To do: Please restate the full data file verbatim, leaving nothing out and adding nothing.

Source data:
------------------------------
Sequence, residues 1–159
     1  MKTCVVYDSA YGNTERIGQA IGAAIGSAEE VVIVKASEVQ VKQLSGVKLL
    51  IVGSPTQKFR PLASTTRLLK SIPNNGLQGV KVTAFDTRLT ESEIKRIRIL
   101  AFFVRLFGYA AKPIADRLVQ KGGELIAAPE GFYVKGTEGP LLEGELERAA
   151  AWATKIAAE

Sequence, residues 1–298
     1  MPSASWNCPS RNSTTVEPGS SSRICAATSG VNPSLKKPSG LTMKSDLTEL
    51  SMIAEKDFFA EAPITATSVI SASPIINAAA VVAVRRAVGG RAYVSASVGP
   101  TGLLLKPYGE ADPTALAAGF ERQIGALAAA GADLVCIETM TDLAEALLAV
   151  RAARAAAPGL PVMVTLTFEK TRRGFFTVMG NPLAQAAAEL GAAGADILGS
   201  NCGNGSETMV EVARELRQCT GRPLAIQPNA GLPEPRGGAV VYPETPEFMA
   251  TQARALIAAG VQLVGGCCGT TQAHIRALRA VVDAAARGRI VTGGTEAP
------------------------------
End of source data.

Sequence, residues 1–159
     1  MKTCVVYDSA YGNTERIGQA IGAAIGSAEE VVIVKASEVQ VKQLSGVKLL
    51  IVGSPTQKFR PLASTTRLLK SIPNNGLQGV KVTAFDTRLT ESEIKRIRIL
   101  AFFVRLFGYA AKPIADRLVQ KGGELIAAPE GFYVKGTEGP LLEGELERAA
   151  AWATKIAAE

Sequence, residues 1–298
     1  MPSASWNCPS RNSTTVEPGS SSRICAATSG VNPSLKKPSG LTMKSDLTEL
    51  SMIAEKDFFA EAPITATSVI SASPIINAAA VVAVRRAVGG RAYVSASVGP
   101  TGLLLKPYGE ADPTALAAGF ERQIGALAAA GADLVCIETM TDLAEALLAV
   151  RAARAAAPGL PVMVTLTFEK TRRGFFTVMG NPLAQAAAEL GAAGADILGS
   201  NCGNGSETMV EVARELRQCT GRPLAIQPNA GLPEPRGGAV VYPETPEFMA
   251  TQARALIAAG VQLVGGCCGT TQAHIRALRA VVDAAARGRI VTGGTEAP